There are two standard USB ports (right side) and one "high current" port (left side) that can be switched in the BIOS to deliver current while the n140 is off. This feature is useful to charge small, USB charged devices like mobile phones or mp3 players.

The USB chipset is from Intel and uses the EHCI/UHCI driver.

Card Reader

No idea at the moment. Seems not to be USB or PCI-E directly. Might be ATA.

Repartitioning with Knoppix 6.2

Changing partition sizes with gparted worked without problem. Seems the NTFS support is mature. I did change the partition sizes after doing the XP installation, it is possible that repartitioning first causes problems, as the XP installation lets you resize the C: and D: partitions as well. The original partitioning looks like this (forgot to record the exact details):
  1. /dev/sda1 Hidden 7GB NTFS recovery partition. I suspect this can be scrapped, but so far I have kept it. The BIOS can directly boot fromt his partition (F4) and to a recovery installation using an image of your XP installation you created before. I have not played with this as I do XP backups with Linux NTFSprogs, but it seems this can calso do backups to USB HDD/Flash stick.
  2. /dev/sda2 NTFS Windows XP C: partition, contains the initial installer. Can be resized during XP installation, but not below 25GB. Later resizing with gparted is possible.
  3. /dev/sda3 NTFS Windows XP D: partition, empty. Will contain the rest of the disk space after XP installation.
Here is what I changed it to after XP installation using gparted from Knoppix 6.2. This is of course only an example, repartition to whatever you like!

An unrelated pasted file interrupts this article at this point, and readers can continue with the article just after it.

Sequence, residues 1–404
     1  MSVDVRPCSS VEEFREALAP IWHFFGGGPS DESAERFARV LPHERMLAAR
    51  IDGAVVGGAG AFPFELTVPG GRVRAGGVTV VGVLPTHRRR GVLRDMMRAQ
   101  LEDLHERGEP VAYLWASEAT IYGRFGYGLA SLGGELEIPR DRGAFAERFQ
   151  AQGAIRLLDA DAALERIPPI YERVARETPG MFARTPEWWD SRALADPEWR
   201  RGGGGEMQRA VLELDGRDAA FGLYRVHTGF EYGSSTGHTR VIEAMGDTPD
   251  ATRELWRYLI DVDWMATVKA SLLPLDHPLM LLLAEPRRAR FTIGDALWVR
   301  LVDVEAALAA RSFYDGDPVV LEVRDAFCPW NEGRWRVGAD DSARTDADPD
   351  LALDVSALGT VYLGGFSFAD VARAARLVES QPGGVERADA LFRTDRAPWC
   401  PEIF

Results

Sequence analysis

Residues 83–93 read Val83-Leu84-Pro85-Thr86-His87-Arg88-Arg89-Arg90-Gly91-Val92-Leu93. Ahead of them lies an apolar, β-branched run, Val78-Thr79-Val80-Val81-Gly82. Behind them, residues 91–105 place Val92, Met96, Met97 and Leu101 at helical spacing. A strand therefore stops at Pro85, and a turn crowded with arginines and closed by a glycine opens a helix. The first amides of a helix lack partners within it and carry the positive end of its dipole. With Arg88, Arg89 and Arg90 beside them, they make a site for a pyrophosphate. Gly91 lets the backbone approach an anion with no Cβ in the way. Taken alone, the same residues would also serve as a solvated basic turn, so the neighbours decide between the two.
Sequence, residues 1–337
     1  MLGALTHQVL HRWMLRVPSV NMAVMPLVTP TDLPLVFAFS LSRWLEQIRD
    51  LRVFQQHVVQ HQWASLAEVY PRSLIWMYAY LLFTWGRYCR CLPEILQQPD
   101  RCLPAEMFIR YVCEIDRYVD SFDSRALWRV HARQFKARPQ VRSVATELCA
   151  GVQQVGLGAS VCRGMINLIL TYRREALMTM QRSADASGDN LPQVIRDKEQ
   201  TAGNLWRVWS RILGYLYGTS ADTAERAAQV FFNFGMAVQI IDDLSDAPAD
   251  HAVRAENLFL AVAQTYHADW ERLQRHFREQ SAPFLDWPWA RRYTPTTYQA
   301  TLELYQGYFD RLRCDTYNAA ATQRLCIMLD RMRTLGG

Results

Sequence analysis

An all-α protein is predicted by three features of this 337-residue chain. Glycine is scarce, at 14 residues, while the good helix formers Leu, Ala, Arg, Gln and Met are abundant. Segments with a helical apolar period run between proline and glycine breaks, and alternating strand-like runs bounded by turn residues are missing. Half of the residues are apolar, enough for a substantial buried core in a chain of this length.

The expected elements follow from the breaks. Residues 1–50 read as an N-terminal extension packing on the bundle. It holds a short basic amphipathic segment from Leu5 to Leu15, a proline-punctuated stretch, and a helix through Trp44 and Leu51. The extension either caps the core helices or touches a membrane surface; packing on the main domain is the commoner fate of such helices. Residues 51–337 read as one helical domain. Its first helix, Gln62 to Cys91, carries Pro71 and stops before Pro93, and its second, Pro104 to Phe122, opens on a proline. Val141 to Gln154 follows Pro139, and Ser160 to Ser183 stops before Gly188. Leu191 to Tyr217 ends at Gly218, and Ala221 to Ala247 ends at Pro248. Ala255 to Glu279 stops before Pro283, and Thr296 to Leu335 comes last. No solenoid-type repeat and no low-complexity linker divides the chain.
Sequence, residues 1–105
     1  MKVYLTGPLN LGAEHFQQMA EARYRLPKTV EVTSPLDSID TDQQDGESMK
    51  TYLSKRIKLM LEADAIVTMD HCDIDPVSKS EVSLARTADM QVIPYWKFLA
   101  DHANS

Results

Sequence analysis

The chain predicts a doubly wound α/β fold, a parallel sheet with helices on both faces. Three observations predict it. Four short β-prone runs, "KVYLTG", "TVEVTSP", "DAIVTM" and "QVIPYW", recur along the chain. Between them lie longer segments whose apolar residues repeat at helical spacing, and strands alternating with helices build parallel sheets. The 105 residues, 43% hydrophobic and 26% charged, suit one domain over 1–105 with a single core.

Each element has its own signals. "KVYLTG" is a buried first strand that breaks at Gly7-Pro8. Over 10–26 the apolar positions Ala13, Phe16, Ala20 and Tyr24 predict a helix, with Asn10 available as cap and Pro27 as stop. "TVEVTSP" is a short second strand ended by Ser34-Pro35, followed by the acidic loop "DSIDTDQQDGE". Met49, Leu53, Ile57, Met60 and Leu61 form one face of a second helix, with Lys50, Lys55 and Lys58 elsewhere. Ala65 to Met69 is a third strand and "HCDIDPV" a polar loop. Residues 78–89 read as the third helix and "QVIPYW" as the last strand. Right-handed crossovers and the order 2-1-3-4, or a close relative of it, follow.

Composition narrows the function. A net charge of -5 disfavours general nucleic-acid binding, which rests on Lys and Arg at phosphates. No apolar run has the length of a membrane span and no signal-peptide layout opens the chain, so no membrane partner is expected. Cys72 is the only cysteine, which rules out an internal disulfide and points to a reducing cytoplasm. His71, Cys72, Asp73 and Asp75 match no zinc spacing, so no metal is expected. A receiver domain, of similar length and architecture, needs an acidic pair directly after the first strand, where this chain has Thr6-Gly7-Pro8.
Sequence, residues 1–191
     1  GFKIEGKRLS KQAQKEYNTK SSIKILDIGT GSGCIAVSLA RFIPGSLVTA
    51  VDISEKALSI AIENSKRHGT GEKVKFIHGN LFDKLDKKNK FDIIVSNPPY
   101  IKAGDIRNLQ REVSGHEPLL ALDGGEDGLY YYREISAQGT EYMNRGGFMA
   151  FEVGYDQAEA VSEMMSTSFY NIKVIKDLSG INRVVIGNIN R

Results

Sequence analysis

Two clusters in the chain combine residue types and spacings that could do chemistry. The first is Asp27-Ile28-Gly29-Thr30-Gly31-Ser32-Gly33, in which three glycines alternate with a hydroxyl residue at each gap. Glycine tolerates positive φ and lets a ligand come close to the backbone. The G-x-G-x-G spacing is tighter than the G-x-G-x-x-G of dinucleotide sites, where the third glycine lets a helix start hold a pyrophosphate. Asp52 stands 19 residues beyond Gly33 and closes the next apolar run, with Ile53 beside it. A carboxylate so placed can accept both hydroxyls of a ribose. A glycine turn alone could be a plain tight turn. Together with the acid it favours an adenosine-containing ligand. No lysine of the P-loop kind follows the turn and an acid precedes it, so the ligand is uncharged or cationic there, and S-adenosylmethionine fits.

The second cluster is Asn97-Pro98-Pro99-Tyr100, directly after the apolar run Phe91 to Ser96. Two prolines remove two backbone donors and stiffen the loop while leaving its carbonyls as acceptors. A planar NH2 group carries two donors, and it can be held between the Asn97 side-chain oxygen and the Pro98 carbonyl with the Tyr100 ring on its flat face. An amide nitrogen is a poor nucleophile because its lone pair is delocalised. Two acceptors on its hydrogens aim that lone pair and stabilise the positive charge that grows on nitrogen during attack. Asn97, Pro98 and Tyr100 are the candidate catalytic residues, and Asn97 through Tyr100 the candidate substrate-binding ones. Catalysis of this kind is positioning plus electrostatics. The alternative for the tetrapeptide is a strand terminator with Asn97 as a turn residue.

sda3 gets mounted under /boot and holds the kernel and grub configuration files. sda7 is the main system, sda8 is a rescue system and sda9 is a bit bucket, were I keep an image-backup of sda2 among other things. I left sda1 in place for the moment, until I have investigated what booting with F4 (boots the resuce system from sda1) does when sda1 is not present or used for something else.

Disk /dev/sda: 160.0 GB, 160041885696 bytes
255 heads, 63 sectors/track, 19457 cylinders
Units = cylinders of 16065 * 512 = 8225280 bytes
Disk identifier: 0x5f63f044

 Device Boot      Start         End      Blocks   Id  System
 /dev/sda1               1         914     7341673+  12  Compaq diagnostics
 /dev/sda2   *         915        2444    12289725    7  HPFS/NTFS
 /dev/sda3            3474        3498      200812+  83  Linux
 /dev/sda4            3499       19457   128190667+   5  Extended
 /dev/sda5            3499        7322    30716248+   b  W95 FAT32
 /dev/sda6            7323        7449     1020096   82  Linux swap / Solaris
 /dev/sda7            7450        9361    15358108+  83  Linux